Background: Contrast sensitivity (CS) is a valuable measure of visual function in patients with age-related macular degeneration (AMD). The authors aimed to compare a novel computer-based test (the Spaeth/Richman Contrast Sensitivity test) with Pelli-Robson test for evaluating CS in patients with AMD.
Methods: In this prospective cross-sectional study, CS was evaluated in patients with various stages of AMD and healthy controls using Spaeth/Richman Contrast Sensitivity test and Pelli-Robson test. Spaeth/Richman Contrast Sensitivity test determined CS scores for 5 areas of vision for each eye (central, superonasal, superotemporal, inferonasal, and inferotemporal) and the total score. Test scores between the two methods were compared using mixed-effects linear regression. Spearman's rank correlation coefficient was used to determine correlations. Test-retest reliability was determined using the intraclass correlation coefficient.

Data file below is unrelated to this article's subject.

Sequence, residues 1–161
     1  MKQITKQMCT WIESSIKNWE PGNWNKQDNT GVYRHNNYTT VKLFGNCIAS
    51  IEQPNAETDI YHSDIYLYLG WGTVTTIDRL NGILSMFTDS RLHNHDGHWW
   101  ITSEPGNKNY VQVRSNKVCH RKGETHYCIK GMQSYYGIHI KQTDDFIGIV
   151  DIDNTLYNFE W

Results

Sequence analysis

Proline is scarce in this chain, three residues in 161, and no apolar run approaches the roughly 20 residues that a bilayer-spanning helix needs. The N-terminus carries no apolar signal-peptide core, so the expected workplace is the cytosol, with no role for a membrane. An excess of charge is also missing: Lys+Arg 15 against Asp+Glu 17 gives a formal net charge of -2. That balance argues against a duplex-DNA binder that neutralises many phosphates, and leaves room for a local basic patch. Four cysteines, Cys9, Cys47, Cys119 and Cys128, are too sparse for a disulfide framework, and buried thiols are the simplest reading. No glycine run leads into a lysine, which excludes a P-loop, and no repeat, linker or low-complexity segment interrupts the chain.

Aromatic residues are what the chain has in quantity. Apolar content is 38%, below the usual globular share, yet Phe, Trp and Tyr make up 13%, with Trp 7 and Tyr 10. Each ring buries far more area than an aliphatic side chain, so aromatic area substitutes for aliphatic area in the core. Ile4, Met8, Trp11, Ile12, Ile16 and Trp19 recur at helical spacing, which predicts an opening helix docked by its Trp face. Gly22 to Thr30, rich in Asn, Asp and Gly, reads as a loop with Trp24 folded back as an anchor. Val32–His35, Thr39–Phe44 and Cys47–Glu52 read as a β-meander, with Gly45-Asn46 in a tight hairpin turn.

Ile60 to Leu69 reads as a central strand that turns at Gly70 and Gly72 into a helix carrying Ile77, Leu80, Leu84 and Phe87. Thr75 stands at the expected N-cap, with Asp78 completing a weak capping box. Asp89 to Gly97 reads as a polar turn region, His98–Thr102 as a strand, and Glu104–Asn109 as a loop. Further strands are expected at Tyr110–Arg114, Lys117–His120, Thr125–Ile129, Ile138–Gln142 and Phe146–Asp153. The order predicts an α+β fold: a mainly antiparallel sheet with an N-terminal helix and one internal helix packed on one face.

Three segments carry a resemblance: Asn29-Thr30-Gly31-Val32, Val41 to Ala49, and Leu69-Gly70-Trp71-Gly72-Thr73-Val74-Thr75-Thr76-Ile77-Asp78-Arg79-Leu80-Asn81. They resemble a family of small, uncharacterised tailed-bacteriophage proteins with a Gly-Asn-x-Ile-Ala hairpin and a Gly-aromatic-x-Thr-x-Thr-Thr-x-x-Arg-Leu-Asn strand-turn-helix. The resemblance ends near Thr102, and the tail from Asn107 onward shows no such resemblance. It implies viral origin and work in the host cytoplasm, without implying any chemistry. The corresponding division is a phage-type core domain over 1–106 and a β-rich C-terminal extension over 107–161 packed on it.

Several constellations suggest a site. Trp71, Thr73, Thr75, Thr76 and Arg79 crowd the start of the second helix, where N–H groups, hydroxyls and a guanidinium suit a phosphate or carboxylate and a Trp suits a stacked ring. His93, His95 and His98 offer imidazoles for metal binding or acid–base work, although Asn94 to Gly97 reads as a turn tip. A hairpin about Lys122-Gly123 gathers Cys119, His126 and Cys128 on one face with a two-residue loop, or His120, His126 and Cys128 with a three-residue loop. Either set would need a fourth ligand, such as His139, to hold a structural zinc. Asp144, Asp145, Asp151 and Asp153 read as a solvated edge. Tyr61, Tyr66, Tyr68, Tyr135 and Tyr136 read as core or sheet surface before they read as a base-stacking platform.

Results: Of 35 participants with AMD (54 eyes) and 34 controls (66 eyes), 51% were female and 93% were of European descent. The mean Spaeth/Richman Contrast Sensitivity test score for the central area and each of the 4 peripheral quadrants was significantly lower for patients with AMD versus controls (P < 0.001 for all). The mean Pelli-Robson score was also significantly lower in patients with AMD versus controls (P < 0.001). The intraclass correlation coefficient for Spaeth/Richman Contrast Sensitivity test total score and Pelli-Robson score was 0.87 and 0.92, respectively.
Conclusion: Spaeth/Richman Contrast Sensitivity test, a novel Internet-based method of testing CS, had significantly lower scores for patients with AMD compared with controls for central and peripheral vision. This test is a valuable tool for assessing CS in AMD.